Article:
There is not total alignment and buy in at all levels of management.  It is important that all levels within the organization understand the value of implementing a Service Level Management culture.  Without this commitment throughout the organization, it will be difficult for the line staff to understand it, and want to participate in it.  Steps must be taken to educate the entire organization prior to roll out.

Some organizations believe they can implement customer Service Level Agreements without first having established their own internal IT support Service Level Agreements.  This can be uncomfortable for all participants if the entire IT organization is not closely aligned PRIOR to beginning the process with your customers.  In fact, it can be down right embarrassing!  Take the time to establish functional Service level Agreements internally before you approach your customer groups.

Finally, an organization implementing Service Level Management must understand that this is a company wide initiative.  It will have impacts to staffing, technology, and the company’s culture.  This is NOT a project assigned to the Support Centre!  This is a new way of viewing how you will work within the IT organization and with your customers on a permanent basis.

As we move into the Service Level Management environment, you must have a business practice of logging 100% of all incoming service events.  Many organizations feel that it is not necessary to log all calls.  Your Support Centre and all Service Partners must participate in this practice.  This is to ensure you are compiling all vital information about the use of technology effectiveness in our company.  Realistically, every service event not logged did not happen, and if it did not happen, how can you prevent it from happening again?

One last thought, along with developing your Service Level Agreements, it’s very important that you develop a process to establish new product or service/change requirements.  Now is the time to understand all the ways new products and services get introduced into production in your company, and formalizing your involvement in those processes.  Specifically, you need to take the time to clearly identify all the steps necessary for your Support Centre to provide support to any new or changed product or service, and institutionalizing them in all your system development and change process methodologies.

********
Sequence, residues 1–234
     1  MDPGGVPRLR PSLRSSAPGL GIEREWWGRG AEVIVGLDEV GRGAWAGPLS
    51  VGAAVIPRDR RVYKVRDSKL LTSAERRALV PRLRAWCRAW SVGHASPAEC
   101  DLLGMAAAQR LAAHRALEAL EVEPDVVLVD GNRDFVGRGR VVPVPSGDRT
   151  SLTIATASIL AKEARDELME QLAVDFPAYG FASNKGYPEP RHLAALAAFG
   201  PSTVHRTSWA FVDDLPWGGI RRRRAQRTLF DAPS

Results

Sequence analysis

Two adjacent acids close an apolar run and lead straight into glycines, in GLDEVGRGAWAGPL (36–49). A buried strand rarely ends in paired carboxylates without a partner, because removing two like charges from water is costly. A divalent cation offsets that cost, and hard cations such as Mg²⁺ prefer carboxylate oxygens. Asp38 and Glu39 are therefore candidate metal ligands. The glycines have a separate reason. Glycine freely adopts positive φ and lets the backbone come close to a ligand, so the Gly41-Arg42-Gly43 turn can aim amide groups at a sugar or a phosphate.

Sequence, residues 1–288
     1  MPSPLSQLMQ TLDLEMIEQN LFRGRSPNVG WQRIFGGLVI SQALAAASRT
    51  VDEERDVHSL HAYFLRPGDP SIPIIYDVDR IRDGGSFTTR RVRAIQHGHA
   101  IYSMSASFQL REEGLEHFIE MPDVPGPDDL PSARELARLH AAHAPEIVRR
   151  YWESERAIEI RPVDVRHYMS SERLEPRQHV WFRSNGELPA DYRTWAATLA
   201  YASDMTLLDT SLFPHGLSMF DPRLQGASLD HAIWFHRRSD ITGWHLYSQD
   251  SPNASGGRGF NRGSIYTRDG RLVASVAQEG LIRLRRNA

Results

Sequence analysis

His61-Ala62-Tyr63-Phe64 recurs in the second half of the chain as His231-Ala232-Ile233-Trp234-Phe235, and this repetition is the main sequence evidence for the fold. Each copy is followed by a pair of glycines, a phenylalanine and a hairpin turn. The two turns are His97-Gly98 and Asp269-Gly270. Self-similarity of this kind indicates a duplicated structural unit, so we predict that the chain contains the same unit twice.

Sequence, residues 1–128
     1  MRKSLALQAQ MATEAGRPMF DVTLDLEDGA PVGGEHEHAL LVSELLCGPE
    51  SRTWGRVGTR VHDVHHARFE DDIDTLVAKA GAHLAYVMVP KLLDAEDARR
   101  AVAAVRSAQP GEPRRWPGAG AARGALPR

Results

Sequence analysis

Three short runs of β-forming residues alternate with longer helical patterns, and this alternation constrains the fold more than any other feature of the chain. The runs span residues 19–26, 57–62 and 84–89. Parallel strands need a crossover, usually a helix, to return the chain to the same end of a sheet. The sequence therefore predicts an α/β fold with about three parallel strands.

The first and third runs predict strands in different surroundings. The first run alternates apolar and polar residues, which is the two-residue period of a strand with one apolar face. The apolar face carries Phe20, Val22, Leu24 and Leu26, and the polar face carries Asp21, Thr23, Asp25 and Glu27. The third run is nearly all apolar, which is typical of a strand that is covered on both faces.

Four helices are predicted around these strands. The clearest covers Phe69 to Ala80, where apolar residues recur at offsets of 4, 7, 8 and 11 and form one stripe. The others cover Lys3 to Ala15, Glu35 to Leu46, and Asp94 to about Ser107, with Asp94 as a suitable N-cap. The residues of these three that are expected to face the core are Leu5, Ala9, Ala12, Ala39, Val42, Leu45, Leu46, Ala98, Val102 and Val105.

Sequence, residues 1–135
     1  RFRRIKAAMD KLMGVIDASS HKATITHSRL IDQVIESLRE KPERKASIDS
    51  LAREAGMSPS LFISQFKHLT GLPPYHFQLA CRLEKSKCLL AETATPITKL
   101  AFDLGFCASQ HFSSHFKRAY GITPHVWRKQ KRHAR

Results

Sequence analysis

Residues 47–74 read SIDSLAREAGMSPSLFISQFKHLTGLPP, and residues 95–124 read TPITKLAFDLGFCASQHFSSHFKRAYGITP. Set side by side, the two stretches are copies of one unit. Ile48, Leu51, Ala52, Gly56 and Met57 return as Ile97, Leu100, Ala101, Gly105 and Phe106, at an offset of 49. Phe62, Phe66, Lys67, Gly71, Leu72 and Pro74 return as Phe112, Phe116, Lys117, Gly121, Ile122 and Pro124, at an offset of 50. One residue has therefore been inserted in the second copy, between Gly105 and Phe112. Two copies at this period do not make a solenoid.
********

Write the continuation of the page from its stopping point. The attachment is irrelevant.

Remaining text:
There are many advantages to formalizing this process, let’s look at it from your customer’s perspective:

·        There is a better first impression of new systems when something breaks.  It demonstrates to the customer that the entire process from development to on-going support, was planned for.  Too many times, well-planned projects fail at implementation, because the Support Centre was never part of the project process.

·        The actual service disruption time should be minimized due to the technology transfer or training activities to the Support Centre, i.e. higher 1st level resolution.

·        You are immediately formalizing the new or changed product/project into the support arena, so your customer doesn’t have special support services the first few days/weeks, and then later get turned over to the Support Centre.  

All of these steps should be formalized into a task plan identifying how much time in advance you need to be involved.  These task plans should then be embedded into your system development methodology and your change management methodology.

In the extremely technically complex world we work in, implementing Service Level Management and Service Level Agreements can go a long way to bringing about corporate awareness of the Support Centre or Help Desk can act as a strategic contributor within your company!